Wildlife Ecology and Forestry
Protecting Natural Resources on Private Lands: Theory and Practice of Community-Based Approaches Using Vernal Pool Conservation Initiatives in Maine
B.A. Zoology, Connecticut College; M.S. Wildlife and Fisheries Conservation, University of Massachusetts/Amherst.
As an undergraduate I studied population structure, growth and fecundity of the salt marsh snail (Melampus bidentatus). Graduate work has included baseline ecological surveys for a salt marsh restoration project in Rhode Island, a site conservation plan for a tidal wetland on the lower Connecticut River, and research on the private property rights movement. Most recently, I was a graduate fellow with the Association of State Floodplain Managers. My research focused on the implications of the property rights movement on flood hazard mitigation and the efficacy of partnership approaches to reconcile competing interests on private lands.
My research explores the opportunities and barriers for using a community-based model to conserve vernal pools on private land in Maine. In 2007, the University of Maine and Maine Audubon Society initiated a community-based education and outreach project to increase regulatory compliance with new state-level vernal pool regulations and to assist municipalities in proactively mapping and assessing vernal pools using trained citizen scientists. This community-based vernal pool mapping project provides a unique opportunity to examine the factors that encourage/discourage municipal and landowner participation in proactive conservation planning. By understanding the attitudes and behavior of landowners, town officials, and community members, my research will document the extent to which multi-stakeholder engagement in natural resource planning influences land use decisions at the local level and will offer strategies to increase stakeholder cooperation and improve conservation outcomes.
My research is inherently interdisciplinary. I am just as likely to work with faculty and students in anthropology, history or communications as I am in my “home” departments of wildlife ecology and forestry. Being involved with this initiative has made it easier to work across disciplinary boundaries. Using it as a springboard, I have had more opportunities to contact and work with faculty in various academic departments who share my interests. The network I have developed has provided invaluable support and enthusiasm for my doctoral project.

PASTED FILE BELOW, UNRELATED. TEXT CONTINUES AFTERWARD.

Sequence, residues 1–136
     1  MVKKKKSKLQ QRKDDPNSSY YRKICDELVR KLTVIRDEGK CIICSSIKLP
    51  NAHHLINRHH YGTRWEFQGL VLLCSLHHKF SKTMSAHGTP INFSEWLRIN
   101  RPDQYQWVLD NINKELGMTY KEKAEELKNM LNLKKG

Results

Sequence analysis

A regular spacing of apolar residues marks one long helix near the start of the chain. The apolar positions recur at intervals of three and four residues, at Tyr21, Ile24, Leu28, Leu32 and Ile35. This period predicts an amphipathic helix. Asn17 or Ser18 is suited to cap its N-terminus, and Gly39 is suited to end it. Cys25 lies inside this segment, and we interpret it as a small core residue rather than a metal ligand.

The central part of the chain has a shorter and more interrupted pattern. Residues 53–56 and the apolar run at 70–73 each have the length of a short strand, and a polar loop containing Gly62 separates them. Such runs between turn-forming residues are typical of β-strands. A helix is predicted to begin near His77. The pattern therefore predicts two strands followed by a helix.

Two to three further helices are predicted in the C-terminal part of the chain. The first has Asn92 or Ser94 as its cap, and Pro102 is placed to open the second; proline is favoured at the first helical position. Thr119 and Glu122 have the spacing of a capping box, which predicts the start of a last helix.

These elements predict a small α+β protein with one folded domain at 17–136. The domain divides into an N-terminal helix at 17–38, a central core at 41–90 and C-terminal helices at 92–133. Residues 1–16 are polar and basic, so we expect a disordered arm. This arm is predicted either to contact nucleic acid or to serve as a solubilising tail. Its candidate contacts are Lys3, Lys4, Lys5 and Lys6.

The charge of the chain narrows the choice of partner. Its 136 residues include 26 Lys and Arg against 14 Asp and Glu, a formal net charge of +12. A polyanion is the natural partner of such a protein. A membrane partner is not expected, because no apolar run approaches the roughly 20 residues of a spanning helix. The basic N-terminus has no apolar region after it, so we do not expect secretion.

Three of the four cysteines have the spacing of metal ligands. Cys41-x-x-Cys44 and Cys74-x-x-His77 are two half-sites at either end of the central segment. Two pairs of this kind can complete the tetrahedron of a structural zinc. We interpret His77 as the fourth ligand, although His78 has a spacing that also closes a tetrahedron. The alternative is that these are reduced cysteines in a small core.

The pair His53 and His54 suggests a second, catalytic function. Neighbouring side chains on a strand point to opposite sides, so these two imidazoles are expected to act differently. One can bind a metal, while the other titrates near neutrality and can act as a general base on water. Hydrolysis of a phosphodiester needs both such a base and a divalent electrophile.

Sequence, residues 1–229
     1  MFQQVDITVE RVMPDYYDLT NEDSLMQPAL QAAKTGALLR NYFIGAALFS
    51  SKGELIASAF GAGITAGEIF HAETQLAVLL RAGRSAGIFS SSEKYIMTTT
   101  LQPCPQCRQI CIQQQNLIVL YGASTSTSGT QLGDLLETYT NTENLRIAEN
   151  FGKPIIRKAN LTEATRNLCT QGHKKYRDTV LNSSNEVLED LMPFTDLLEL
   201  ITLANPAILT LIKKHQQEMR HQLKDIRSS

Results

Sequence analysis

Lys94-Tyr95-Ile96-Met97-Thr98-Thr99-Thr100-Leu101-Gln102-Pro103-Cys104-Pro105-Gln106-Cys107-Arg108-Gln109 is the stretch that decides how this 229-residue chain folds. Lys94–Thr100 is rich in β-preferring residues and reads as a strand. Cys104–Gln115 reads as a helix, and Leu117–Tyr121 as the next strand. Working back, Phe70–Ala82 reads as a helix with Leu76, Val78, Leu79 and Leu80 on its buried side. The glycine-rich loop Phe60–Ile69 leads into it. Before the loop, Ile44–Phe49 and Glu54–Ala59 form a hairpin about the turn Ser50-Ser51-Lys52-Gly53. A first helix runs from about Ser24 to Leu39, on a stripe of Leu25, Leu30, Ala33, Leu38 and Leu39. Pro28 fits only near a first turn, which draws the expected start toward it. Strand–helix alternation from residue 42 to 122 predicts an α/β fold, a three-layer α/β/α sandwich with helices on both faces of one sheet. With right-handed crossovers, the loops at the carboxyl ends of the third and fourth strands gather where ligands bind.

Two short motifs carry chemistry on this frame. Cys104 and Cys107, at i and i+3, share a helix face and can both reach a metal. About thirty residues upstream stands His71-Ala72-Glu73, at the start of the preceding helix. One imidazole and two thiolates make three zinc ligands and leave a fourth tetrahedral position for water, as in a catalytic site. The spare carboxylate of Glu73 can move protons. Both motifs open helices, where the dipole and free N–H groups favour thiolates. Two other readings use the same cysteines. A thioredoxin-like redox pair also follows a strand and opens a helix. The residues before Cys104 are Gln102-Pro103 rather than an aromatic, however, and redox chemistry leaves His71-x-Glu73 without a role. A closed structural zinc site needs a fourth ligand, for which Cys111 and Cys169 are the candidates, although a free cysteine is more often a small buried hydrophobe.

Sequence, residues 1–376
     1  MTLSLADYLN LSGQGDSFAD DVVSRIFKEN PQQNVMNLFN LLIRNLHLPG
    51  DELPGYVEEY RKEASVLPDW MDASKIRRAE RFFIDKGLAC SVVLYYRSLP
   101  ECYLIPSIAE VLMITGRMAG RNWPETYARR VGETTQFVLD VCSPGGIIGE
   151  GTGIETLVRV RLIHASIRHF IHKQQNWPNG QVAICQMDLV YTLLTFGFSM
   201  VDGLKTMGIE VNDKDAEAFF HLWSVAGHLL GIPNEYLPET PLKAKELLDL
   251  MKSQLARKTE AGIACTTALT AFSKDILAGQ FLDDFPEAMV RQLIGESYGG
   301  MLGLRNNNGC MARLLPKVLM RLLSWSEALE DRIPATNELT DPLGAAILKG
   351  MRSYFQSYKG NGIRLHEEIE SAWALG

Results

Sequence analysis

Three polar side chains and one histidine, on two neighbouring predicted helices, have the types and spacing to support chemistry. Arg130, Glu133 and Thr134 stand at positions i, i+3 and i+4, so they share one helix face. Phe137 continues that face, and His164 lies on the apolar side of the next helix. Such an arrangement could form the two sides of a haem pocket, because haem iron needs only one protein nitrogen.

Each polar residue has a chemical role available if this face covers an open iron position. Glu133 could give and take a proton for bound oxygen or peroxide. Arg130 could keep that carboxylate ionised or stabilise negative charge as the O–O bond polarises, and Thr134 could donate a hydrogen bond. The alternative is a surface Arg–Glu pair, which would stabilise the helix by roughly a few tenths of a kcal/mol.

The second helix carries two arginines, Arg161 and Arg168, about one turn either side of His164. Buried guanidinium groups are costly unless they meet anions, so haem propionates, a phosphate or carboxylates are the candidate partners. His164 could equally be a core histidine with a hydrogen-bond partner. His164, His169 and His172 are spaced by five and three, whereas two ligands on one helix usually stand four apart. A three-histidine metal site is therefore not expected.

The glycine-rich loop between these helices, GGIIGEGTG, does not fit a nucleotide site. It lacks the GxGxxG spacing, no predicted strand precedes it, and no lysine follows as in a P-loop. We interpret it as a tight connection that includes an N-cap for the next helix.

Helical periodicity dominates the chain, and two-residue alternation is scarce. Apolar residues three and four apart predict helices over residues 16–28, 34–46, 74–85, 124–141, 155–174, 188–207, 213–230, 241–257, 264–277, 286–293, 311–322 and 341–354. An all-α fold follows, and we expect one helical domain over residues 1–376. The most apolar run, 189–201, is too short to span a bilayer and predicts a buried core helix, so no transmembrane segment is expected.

I have always felt strongly that my work should be applicable to the real world, and this initiative has supported my efforts to link theoretical ideals with everyday practice. Most importantly, the project has encouraged me to seek the engagement of stakeholders early in my research - during the conceptualization stage - to ensure that my research questions are grounded in real issues and concerns. In the process, the project has created strong relationships between University researchers and community partners. These relationships and the involvement and commitment of stakeholders have assisted in the development of my research questions and have also facilitated greater access in the field.
How has your approach to how we solve problems changed?
There is no one solution to environmental problems nor is there one department, faculty member, or student with all the expertise and capabilities to develop and implement potential solutions. Crafting new solutions to continually evolving environmental problems is truly a team effort.